So how did that man with the courage to speak out on what too many were still believing they had something to be ashamed of become less like the Centurion to more like lying like a Pharisee?
Don Bolduc, a retired Army general, celebrates winning the New Hampshire primary in a tight race against state senator, Chuck Morse, on Tuesday evening, September 13, 2022, in Hampton, New Hampshire. He faces incumbent Sen. Maggie Hassan (D) in the general election. JOHN TULLY
From the start, Democrats and his fellow Republicans painted Bolduc as an extremist who took up radical positions in addition to his belief in a stolen election, including advocating for the investigation and possible elimination of the FBI after the raid on Mar-a-Lago and accusing Bill Gates of wanting to use Covid vaccines to implant microchips in Americans.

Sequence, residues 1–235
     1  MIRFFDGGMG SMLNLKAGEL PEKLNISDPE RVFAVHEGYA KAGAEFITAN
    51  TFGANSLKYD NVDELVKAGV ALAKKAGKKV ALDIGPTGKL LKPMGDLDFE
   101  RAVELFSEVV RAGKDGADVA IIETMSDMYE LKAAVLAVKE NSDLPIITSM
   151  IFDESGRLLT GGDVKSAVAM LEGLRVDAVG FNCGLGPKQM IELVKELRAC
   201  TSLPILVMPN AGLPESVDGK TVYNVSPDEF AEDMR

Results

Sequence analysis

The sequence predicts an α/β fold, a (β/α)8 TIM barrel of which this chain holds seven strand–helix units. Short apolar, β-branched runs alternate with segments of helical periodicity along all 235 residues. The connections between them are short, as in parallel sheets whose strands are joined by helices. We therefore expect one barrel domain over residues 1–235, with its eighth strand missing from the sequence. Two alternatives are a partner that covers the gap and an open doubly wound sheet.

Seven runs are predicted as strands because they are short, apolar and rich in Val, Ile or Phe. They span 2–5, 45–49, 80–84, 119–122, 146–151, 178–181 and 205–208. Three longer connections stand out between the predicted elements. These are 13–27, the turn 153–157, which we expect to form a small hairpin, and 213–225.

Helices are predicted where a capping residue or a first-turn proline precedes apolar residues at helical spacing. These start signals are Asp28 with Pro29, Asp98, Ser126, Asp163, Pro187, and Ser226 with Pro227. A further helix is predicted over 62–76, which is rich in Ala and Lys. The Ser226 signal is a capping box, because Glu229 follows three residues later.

That was from a new Rolling Stone article written by a reporter that has covered Bolduc for far too long to not be shocked by the change he sees. Kevin Maurer tried to report the truth against what Bolduc appears to be.
In a recent TV commercial and in his official bio, Bolduc’s campaign alludes to, or flat-out claims, him leading “allied soldiers on horseback to kill terrorists.” The story of the Special Forces team that fought with the Northern Alliance on horseback in northern Afghanistan led to a statue in New York and the 2018 movie 12 Strong. But Bolduc didn’t serve with that team. The Washington Post gave a 2020 version of the ad two Pinocchios.